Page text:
It's nearly Thanksgiving, and while we all will -- and should -- count our many blessings, you're forgiven if your thoughts eventually turn to the mouth-watering traditions of the holiday feast.
So when my friend John Mandyck, global chief sustainability officer of UTC Building & Industrial Systems, said he had some food-related thoughts he wanted to share, since we're both from Central New York, I was anticipating some long-forgotten recipe for corn pudding, or oyster stuffing, or some equally seasonally and locally appropriate contribution to the holiday table.
Instead, he sent me a blog he recently had penned for Greenbiz. It's about the connection of food spoilage to climate change, and I think the thoughts he captured are worth sharing. His premise is thought provoking, and, given the season, something to keep in mind especially as you finalize the menu for your upcoming family gathering.
Here's an excerpt:
So much of the food produced globally is wasted, and the environmental impact of that waste and spoilage is so great, that we could have a material impact on climate change by committing to reduce it... The United Nations estimates that one-third of all food produced never reaches our tables. Other studies suggest that food loss could be closer to 40 or 50 percent.
But even at the U.N.'s estimate, food loss represents 3.3 billion metric tons of CO2 each year... It's hard to imagine a more inefficient system, especially when it comes to the critical role of feeding our planet. If all that inefficiency was measured in terms of what nations do, food loss would be the third largest emitter of greenhouse gasses, just behind China and the United States.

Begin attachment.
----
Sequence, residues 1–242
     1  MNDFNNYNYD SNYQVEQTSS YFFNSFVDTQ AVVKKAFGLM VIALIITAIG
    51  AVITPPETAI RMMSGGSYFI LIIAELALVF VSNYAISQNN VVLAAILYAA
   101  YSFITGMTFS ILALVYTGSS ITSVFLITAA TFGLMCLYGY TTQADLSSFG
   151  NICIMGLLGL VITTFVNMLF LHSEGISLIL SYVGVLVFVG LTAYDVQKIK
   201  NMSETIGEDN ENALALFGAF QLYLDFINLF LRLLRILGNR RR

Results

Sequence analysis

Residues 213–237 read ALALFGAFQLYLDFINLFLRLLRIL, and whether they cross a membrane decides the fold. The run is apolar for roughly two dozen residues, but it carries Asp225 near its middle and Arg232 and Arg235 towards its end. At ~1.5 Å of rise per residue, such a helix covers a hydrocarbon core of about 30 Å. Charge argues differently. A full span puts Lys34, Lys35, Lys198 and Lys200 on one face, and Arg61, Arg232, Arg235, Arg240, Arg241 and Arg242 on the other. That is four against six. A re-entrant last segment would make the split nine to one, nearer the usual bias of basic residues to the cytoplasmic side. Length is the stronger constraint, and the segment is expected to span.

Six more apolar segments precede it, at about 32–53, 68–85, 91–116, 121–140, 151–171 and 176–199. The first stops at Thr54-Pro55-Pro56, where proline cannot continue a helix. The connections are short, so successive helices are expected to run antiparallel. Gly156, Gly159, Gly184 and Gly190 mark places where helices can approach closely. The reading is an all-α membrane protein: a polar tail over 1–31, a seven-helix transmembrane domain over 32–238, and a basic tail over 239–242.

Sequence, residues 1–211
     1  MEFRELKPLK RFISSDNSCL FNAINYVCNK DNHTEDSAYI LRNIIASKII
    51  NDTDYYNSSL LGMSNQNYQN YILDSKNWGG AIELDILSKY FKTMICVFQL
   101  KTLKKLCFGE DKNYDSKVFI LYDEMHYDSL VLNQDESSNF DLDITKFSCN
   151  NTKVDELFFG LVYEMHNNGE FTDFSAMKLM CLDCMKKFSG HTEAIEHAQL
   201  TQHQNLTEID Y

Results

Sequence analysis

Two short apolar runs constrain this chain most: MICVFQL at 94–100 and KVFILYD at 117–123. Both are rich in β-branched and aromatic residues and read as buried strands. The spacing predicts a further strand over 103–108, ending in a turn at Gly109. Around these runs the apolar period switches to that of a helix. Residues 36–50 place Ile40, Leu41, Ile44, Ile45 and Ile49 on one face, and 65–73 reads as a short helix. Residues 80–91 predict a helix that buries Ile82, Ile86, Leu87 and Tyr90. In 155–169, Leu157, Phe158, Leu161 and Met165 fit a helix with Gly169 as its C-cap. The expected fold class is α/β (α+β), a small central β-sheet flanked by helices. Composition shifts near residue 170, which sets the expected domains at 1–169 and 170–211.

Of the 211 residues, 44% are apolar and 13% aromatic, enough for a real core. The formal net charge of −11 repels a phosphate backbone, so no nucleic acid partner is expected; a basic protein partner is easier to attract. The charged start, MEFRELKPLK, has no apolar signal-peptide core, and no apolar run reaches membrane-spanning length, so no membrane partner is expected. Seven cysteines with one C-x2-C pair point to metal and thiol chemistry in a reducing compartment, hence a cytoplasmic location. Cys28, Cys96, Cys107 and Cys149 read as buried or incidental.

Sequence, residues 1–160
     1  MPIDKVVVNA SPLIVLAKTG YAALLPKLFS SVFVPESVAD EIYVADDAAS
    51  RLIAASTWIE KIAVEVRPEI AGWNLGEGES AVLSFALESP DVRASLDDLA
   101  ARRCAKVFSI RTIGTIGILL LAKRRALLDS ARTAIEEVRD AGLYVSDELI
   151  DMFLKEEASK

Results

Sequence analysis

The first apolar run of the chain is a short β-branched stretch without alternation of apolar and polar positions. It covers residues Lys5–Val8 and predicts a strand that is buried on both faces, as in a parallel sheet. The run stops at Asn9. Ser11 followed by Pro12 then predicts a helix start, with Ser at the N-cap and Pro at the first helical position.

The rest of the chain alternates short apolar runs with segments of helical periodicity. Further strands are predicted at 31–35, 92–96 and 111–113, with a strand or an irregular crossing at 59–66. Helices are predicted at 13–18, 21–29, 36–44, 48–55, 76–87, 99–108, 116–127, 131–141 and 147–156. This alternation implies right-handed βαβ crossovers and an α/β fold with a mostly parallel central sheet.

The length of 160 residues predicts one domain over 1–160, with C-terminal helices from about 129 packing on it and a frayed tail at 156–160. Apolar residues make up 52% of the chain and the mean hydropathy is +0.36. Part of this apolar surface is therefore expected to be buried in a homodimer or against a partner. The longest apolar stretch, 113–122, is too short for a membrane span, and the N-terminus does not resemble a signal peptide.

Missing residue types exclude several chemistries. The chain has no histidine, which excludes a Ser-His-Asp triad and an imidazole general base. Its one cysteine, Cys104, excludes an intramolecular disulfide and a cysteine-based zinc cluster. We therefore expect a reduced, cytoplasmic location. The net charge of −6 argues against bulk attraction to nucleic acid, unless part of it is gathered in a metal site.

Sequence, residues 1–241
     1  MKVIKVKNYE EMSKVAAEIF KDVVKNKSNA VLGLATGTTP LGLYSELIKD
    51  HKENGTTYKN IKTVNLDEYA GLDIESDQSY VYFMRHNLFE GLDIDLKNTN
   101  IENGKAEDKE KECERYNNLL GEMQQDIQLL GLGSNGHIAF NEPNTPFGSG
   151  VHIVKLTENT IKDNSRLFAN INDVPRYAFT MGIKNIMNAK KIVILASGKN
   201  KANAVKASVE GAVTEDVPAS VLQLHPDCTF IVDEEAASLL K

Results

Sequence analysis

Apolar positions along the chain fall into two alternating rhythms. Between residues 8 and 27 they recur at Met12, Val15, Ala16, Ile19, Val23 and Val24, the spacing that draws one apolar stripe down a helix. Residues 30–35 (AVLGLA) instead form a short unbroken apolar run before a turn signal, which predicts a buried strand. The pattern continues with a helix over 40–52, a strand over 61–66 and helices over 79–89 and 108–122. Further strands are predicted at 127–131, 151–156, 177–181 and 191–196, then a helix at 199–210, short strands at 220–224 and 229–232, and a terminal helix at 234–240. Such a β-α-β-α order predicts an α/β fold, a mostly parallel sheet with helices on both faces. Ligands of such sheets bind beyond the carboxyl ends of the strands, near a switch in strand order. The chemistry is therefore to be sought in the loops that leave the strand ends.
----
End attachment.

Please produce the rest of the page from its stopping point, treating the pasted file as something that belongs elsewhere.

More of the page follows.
This situation presents an extraordinary opportunity. Food loss is a significant contributor to global warming but much can be done to reduce it without having to invent new technologies.
Avoiding food loss also has the obvious immediate benefit of feeding more people. One in eight people today is malnourished. Reducing food loss not only will feed more people, it can be an essential strategy to nourish the more than 2 billion people we'll add to the Earth by 2050...
Here's the link to the entire article, which I encourage you to read in full.
I have to say, because I spend all my time focusing on buildings and their impact on climate change, I hadn't considered that this is one more area where we can all make a big contribution to climate change mitigation. Come Thursday, I'm going to change that.